The catalyst of Example 8 was calcined for 2 hours at 595 C., but at different timed intervals for the second step at a temperature of 790 C. Table III shows the effect of time on the activity and selectivity of the catalyst in dehydrogenating ethylbenzene and the moisture stability of the catalyst. The temperature is that required to give 50% conversion.

              TABLE III______________________________________TIME OFSECOND    MOISTURECALCINA-  TEST       50% CONVERSIONTION      After Step 2                Temp.C.                          % Selectivity                                   S/O______________________________________12 min.   Failed     586       94.0     1.016 min.   Passed     596       93.6     1.020 min.   Passed     598       93.7     1.0______________________________________

Catalyst pellets having the composition of Example 8 (Table I) were heated to the desired calcination temperature over a period of about one-half hour and then maintained at that temperature for different periods of time. The temperature and times of calcination together with results of the moisture and dehydrogenation tests are given in Table IV. The weight ratio of steam to hydrocarbon i.e. water to ethylbenzene, was 1.0. Since one of the catalysts failed the moisture test, it was not tested for dehydrogenation.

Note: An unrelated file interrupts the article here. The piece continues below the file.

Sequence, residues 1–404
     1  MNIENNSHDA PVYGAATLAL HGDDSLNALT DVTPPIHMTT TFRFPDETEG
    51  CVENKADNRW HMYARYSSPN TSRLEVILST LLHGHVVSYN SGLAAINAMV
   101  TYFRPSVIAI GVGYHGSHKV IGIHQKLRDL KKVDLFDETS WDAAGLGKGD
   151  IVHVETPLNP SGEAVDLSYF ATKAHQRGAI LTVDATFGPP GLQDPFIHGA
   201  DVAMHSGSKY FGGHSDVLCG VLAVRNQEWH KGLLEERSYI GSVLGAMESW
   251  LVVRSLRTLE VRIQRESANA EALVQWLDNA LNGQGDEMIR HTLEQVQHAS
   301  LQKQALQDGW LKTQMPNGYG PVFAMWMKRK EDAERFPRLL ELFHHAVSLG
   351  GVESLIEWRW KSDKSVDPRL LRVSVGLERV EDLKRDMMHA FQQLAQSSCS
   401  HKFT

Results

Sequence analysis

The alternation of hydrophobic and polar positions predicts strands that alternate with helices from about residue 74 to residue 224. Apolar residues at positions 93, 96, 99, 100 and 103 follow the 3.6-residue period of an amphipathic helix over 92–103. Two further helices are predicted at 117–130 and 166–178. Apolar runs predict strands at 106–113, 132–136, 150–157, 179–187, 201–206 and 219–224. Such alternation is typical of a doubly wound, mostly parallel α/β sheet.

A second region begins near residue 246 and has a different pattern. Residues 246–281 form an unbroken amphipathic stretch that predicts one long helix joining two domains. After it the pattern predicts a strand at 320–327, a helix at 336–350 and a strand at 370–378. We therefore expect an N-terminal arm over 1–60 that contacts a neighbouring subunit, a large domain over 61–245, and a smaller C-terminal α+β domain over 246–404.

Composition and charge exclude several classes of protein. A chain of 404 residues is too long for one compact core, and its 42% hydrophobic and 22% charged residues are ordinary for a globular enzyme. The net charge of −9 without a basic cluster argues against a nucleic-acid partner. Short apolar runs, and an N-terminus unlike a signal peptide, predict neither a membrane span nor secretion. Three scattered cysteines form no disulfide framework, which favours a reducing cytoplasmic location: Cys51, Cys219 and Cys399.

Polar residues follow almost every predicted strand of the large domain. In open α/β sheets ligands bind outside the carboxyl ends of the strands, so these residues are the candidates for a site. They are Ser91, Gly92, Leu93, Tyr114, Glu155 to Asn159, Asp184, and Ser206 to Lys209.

TABLE IV______________________________________CALCINATION  MOISTURE   50% CONVERSIONTemp.   Time     TEST       Temp.   %(C.)   (hrs.)   (Single Step)                       (C.)                               Select.______________________________________700     3        Failed     --      --700     4        Passed     591     93.3800     11/2     Passed     605     <93.0______________________________________

Comparing the results in Example 10 with those of Example 8 in Table II, one sees that while the calcination using the two steps of the invention requires substantially the same temperature for 50% conversion as that using one step at 700 C. for four hours, the selectivity is nearly one percentage point difference. This is a significant advantage for the process of the invention. The difference is even more apparent when the comparison is made with the catalyst employing one step calcination at 800 C. Here both temperatures at conversion 50% and selectivity show an advantage for the process of the invention.